After departing Darjeeling, I headed down to Calcutta for what I had hoped to be a couple of days of culinary experimentation. I had heard that the city is famous for its food – “the Paris of India” was how one friend put it.
In a strange confluence of bad luck or rotten timing, however, my days in Calcutta weren’t spent in sampling foods…
As I had done a couple of times previously, I took an overnight train, this one from Siliguri, the nearest train station to Darjeeling. I was only able to book “sleeper class” rather than the 2AC or 3AC which I had become accustomed to. I didn’t think there would be a great difference since they are all configured similarly, with foldout beds.
I soon learned, however, that sleeper class doesn’t inlclude bedsheets and a blanket and, try as you might, the windows don’t fully close, so I felt a draft all night.
(As a side note, here’s a breakdown on what these classes actually mean:
2AC – 4 total beds to a car. One upper and one lower. There is a curtain that closes this section off from the walkway where people make their way to the bathroom and where chai and coffee sellers regularly make their way through. Sheets, a blanket and pillow are provided. Windows are shut and in theory there is AC during the summer.
3AC – Same as above except there are 3 bunks on either side for a total of 6 passengers to a car.
Sleeper – Same config as 3AC but no sheets, pillow or blanket. No curtains for privacy. Windows can be opened which means they don’t ever completely shut, providing AC even in the winter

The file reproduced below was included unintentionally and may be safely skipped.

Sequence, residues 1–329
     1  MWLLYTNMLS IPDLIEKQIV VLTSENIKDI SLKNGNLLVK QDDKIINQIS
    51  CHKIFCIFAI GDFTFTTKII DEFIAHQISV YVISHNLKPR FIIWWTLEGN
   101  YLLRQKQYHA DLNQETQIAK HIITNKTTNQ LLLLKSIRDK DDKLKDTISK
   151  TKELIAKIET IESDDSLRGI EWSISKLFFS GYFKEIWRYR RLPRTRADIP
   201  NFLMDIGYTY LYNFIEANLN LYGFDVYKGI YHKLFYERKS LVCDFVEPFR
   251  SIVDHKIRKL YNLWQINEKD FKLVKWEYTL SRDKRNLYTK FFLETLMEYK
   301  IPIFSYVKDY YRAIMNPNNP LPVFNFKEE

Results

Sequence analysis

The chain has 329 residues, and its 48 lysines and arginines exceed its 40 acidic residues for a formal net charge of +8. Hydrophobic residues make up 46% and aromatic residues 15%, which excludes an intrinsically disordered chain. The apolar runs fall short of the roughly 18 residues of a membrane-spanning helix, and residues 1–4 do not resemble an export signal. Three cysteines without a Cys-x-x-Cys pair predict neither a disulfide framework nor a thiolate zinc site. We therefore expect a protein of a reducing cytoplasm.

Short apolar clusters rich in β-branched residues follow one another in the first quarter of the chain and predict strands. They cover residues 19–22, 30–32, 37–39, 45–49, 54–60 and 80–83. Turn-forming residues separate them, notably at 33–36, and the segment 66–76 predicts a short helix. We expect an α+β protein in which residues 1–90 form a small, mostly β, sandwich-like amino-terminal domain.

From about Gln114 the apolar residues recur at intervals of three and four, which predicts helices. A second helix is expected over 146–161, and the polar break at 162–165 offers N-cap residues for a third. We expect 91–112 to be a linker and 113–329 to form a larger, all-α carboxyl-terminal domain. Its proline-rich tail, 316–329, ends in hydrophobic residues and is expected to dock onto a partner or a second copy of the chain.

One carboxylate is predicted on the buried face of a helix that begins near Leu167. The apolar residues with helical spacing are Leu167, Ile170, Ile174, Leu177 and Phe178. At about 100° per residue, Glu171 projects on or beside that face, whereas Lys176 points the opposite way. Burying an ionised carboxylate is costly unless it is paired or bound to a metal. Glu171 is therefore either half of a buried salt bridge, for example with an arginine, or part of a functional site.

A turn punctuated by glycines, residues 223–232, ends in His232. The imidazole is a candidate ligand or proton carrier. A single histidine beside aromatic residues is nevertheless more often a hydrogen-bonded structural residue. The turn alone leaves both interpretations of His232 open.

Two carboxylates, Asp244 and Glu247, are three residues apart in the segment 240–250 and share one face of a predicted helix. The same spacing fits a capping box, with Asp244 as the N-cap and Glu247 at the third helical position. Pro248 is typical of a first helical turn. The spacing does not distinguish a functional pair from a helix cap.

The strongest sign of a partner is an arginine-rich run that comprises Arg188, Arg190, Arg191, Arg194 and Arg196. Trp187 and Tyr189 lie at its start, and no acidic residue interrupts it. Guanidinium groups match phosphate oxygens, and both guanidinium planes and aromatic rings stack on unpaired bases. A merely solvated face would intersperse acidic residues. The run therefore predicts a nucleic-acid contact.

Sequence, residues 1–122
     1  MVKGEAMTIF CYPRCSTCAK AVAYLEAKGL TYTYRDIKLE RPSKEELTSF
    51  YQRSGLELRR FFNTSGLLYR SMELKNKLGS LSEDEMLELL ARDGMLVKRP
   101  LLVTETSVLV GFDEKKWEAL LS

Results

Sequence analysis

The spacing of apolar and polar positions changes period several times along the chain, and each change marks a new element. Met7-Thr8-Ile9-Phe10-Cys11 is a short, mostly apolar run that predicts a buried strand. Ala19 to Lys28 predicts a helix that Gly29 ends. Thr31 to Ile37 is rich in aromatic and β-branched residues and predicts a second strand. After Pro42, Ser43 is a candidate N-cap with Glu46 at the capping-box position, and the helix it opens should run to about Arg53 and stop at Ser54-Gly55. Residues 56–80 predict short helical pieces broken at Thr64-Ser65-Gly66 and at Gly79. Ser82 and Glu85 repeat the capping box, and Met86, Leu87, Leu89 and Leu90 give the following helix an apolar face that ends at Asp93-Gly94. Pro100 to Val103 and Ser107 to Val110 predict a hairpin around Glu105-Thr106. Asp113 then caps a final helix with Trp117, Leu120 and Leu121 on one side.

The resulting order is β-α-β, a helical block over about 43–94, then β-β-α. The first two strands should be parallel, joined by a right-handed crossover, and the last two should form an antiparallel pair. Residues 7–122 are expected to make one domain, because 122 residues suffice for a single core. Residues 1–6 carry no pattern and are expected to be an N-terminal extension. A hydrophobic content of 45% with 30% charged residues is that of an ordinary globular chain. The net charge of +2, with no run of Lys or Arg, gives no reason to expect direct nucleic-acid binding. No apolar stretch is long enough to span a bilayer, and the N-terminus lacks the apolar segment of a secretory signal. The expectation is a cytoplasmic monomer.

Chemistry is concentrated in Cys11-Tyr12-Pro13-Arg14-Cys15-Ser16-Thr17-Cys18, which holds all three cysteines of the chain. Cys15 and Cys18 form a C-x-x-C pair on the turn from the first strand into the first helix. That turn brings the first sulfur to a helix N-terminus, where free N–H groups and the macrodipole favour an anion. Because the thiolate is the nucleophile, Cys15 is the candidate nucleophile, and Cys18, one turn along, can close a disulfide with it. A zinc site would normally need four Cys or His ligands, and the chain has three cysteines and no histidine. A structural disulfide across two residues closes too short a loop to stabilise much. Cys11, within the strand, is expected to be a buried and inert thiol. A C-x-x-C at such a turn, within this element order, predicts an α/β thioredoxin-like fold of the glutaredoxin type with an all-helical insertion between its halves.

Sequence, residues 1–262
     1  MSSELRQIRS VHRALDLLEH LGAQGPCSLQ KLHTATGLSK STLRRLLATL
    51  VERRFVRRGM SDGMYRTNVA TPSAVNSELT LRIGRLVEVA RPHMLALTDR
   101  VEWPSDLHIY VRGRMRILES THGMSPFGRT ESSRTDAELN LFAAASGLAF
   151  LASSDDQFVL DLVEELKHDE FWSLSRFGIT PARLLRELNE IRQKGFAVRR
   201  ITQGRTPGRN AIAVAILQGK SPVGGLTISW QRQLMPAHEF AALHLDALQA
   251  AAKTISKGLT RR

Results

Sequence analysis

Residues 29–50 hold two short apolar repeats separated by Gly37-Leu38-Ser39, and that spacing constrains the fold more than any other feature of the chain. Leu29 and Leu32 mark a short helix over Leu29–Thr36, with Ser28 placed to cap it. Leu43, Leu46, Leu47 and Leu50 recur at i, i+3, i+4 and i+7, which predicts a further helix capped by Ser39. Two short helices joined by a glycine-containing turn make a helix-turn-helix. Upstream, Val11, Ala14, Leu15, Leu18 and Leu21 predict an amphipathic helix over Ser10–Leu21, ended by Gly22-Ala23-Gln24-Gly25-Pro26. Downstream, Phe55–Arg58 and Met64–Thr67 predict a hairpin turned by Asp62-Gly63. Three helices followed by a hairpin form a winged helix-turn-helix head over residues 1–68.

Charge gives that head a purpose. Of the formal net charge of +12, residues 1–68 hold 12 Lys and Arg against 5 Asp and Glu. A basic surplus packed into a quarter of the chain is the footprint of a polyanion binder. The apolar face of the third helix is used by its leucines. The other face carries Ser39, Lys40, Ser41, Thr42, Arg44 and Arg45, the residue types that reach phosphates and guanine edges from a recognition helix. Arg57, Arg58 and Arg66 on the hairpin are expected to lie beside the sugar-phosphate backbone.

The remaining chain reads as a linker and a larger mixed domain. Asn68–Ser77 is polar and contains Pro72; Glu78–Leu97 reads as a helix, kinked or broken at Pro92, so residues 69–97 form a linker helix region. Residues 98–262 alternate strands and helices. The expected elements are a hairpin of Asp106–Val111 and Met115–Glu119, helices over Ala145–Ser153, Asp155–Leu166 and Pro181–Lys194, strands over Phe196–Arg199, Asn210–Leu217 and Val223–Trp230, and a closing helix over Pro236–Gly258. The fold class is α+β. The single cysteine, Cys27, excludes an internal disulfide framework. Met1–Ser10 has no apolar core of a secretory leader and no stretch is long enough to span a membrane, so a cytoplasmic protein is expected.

Coupled with the cough I had acquired after breathing in the spewing backend pollution from so many cars during Darjeeling’s political rally, I arrived in Calcutta sick.
To add insult to injury, my little digital camera had crapped out on me. I either had to get it fixed (which would have been cost prohibitive in the U.S.) or had to buy a new one.
I set out first thing upon arrival to find a new battery to see if that was the issue. Camera shop after camera shop sent me to the “next” shop down the road until I finally found a replacement battery – but that didn’t work. Continuing my walk around the electronics area of the city, I found a “Camera Hospital” (I kid you not) and after a day’s worth of tinkering from the doctor (and about $30 U.S.), the camera was fixed (though I fear my first set of photos have been lost).
I did spend my 2nd day in Calcutta at least seeing the sights. The most amazing of which was the flower market near the Howrah Bridge. Teeming with life, I watched from overhead as thousands of people bought, sold and gathered up strands of marigolds to be taken to other parts of the city for sale.
I meandered around (and took a pee) at the Oberoi Grand Hotel, one of the city’s nicest accommodations, before heading back to my $15/night guest house on Sudder Street (the backpacker hangout). While I’m generally not a huge fan of these areas, it did give me a chance to easily find a travel company that booked my flight to Kerala, in the south, and it’s where I took care of my sinus problems by eating cornflakes and other comfort foods.
Off to the tropical region of the south, where palm trees sway and life is far more laid back!
You can also read about my India travels on my blog at the Seattle Post Intelligencer.
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